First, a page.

Thursday, 31 January 2013

Your pants appear to be smouldering...

When was the last time you told a lie? It was about five minutes ago, wasn’t it?
Hopefully it was a little white ‘the bus was late’ type fib and not ‘I did not have sexual relations with that woman’ style barefaced deceit. Don’t feel too bad; we’re all lying our arses off all the time (Although if you did have sexual relations with that woman, you should feel bad, very bad indeed, ya cheating fecker!)
Fraud starts when we’re tiny, when we’re mostly the victims of lies, or lyees if you will. I blame the parents. They will tell their children anything for an easier life, ranging from the innocent (carrots give you x-ray vision), to the ominous (that’s not an ice-cream van, it’s the child-catcher). But, giving parental types the benefit of the doubt, most of their little inaccuracies aim to protect or entertain. Siblings on the other hand… the lies they tell are intended only to upset, torture and mentally scar.
My brother is a rather good liar. They say it’s all in the detail, and he has an active (and sometimes disturbing) imagination. One of my earliest memories is of him telling me I was the only person in the world without a willy, because my mother had dropped me on a chainsaw when I was a baby. I believed this for what must have been several weeks or months (I felt quite special god love me) and his ruse was only rumbled when I casually asked my mother about her willy one day.
Slightly more traumatic was him telling our small nephew that Bosco was dead. Run over by a truck while out riding his Harley Davidson apparently. Oh the tears!
[For the non-paddies amongst you, Bosco was a squeaky-voiced, woolly-haired hand puppet beloved by generations of Irish children].
The old ‘you’re adopted’ is quite a common one, so it wasn’t good enough for my loving, caring, nurturing siblings. As I’m the only ginger in the family, they told me I came from the knackers. The story goes (note the present tense) that the family were out for a drive one day, passed a halting site and a baby (me) came flying through the window. So they kept me, and I am still known affectionately by my gypsy name at home. And what I said earlier about parents generally lying for the benefit of their child? Well they also do it for their own amusement. My parents were, and are, only too happy to verify this story. In fact I think they might have started it…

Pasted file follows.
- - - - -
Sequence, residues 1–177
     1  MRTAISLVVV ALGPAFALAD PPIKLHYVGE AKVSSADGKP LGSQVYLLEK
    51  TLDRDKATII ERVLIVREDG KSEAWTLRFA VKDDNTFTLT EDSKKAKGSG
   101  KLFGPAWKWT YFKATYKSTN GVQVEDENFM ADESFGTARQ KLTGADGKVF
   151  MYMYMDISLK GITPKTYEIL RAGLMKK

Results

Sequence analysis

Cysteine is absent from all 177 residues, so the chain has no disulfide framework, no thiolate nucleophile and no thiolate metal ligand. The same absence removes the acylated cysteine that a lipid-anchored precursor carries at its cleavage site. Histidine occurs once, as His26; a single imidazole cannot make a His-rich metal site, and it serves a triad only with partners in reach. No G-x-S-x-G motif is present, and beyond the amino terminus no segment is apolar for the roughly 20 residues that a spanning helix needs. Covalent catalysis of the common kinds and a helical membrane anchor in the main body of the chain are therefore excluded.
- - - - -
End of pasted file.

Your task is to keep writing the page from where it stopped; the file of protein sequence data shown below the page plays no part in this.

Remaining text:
But it’s all good character-building stuff I tell myself (and maybe some day, a psychiatrist). Excuse me while I go and rock in the corner for a while… Only joking! Those driveways aren’t going to tarmac themselves.

Monday, 14 January 2013

New Year, and no beer?!

So, two weeks in. How are you all doing? All skinny, sober and speaking Swahili? No…? Shocker!
New year, new possibilities, new start. Blah blah blah. I, for one, can't be arsed. Every year we labour under the misconception that the New Year has the mystical properties required to transform our lives beyond recognition. I suppose our brains are so clogged with Christmas cake, cheese and chocolate that lard-induced hallucinations are not surprising really.
What is surprising is the timing of it all. Choosing, for example, to give up booze in January of all months is utterly ridiculous (and, ironically enough, is generally a declaration made whilst chugging New Year’s eve bubbles like they’re going out of fashion).
If we can veer into a little corporate twaddle momentarily (sorry, it’ll be over in a jiffy and you won’t feel a thing) let’s have a quick check if this is a SMART objective:
Specific – yes, in it’s stupidity
Measurable – only with tears of anguish
Achievable – not on your nelly
Realistic – see above
Timely – it’s January for feck’s sake!
January. The least popular kid in the playground, the Aunt that nobody likes, the traffic warden of the calendar year. Gyms are overflowing, pubs are deserted and people on diets are dull at best, frightening at worst (‘DON’T LET ME HAVE CHOCOLATE!’ they scream at you, a manic, stricken look in their hollow, joyless eyes). Why, oh why, would we choose to take away all the things that could help take the edge of the cold dark days?

The term is HAPPY New Year.
Don't take away the beer...
If you’re going to make a New Year’s resolution, and avoid unpleasant self-flagellation when it all goes to pot, keep it simple. The only resolution I have ever managed to keep was to floss every day. One small step for a small ginger, one giant leap in avoiding gingivitis. I have long since given up telling myself I will lose two stone in January, repairing my liver while I’m at it. It will never happen.
But if you’re made of sterner stuff than me and you’re sticking with the Swahili lessons, good on you. Here’s a useful little phrase to help you along…
I’d like a cold beer please: Tafadhali nataka bia pombe baridi.

Now doesn't that look lovely...?